"We've always taken pride in being an independent developer of fun games and cutting-edge technology," Epic Games president Mike Capps said in prepared statements about why the company took a major investment deal after such a long time. "We want to assure our players and licensees that this transaction only brings more to the table in terms of what we can offer them."
"Epic has worked with Tencent for years through our Unreal Engine licensing relationship," Capps added. "They have fantastic inroads into attractive markets and platforms, and Epic has been carefully weighing its options for the next generation of games for quite some time. We can learn a lot from Tencent, and strategically aligning with them was an easy decision."
Capps explained that Epic will maintain all intellectual property rights and maintain the Unreal Engine licensing business. He wouldn't comment if this is just the prelude to a full buyout. Capps makes no secret of Tencent being a long-term partner, but notes Epic enjoys its independence.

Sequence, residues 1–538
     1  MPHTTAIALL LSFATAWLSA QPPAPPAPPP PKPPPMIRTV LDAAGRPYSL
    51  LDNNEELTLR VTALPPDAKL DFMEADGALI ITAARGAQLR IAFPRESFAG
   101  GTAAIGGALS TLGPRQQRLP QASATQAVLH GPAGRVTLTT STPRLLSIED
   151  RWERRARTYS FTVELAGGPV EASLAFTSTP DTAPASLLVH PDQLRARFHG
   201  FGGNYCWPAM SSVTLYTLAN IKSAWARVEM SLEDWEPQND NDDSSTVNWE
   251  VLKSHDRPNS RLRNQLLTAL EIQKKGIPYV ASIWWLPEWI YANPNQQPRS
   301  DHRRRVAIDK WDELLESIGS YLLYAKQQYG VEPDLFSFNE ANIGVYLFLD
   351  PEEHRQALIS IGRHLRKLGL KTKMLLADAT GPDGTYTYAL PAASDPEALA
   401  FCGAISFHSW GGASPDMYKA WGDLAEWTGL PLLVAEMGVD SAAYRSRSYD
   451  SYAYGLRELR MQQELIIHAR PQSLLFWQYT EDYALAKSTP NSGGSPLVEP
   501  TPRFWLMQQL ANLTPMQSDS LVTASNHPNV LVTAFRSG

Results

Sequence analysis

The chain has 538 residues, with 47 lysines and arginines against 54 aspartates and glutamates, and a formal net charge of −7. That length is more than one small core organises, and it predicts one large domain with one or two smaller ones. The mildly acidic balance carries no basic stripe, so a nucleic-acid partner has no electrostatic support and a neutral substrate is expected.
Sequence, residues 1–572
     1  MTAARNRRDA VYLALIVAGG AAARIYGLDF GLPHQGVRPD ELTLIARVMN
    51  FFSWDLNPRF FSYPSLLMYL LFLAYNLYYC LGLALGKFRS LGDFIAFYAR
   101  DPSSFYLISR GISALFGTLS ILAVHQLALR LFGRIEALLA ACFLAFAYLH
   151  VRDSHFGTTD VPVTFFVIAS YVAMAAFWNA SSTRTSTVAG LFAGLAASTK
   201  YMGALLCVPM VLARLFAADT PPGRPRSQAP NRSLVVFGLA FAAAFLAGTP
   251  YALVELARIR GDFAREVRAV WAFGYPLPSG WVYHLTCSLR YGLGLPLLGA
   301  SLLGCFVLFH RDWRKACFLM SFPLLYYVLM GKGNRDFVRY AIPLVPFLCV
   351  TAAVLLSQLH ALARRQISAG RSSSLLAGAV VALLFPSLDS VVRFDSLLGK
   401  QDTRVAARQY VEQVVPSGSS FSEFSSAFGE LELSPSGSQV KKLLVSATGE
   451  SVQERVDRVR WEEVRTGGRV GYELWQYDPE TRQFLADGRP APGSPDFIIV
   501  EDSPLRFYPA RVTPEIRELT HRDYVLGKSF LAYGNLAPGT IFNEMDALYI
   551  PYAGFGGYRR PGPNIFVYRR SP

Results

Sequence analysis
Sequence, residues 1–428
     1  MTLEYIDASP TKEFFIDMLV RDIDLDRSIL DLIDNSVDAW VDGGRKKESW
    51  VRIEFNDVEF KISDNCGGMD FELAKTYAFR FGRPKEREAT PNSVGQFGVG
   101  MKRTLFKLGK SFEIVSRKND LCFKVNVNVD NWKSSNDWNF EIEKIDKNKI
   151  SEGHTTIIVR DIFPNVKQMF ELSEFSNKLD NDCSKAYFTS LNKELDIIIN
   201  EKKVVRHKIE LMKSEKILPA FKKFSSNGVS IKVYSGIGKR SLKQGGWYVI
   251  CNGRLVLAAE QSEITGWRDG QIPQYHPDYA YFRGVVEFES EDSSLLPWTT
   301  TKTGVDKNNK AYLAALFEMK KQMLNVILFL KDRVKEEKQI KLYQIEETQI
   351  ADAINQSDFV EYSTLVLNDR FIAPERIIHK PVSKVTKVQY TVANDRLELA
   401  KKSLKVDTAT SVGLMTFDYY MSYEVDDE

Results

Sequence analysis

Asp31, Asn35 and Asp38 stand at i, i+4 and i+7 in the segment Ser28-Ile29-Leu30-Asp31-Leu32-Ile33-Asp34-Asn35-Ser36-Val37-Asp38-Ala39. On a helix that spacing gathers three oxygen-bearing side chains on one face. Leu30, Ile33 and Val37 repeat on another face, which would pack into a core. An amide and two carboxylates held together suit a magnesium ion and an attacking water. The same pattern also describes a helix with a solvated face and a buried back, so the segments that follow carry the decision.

Even if a full buyout were to occur in the next few years – speculated to require over a billion dollars – it's unclear if Tencent would mess with Epic's secret sauce. Feedback we've received from those close to Tencent's Riot Games, developers of the very lucrative League of Legends, is that the parent company has kept a hands-off approach due to the company's success. Such relationships do rarely exist in this industry, with Blizzard being the poster child for leniency by a parent company.
Epic and Tencent's current relationship is about the Chinese company navigating its new partner through lucrative opportunities in a new land, an experience Epic has had some mixed results in working before the deal.
"As more of China's population is becoming connected to the internet, Tencent's business is growing in all of these areas," said Capps.
Capps sees plenty of opportunity in China, with Epic's Unreal Engine powering mobile, browser-based games, MMOs, and more.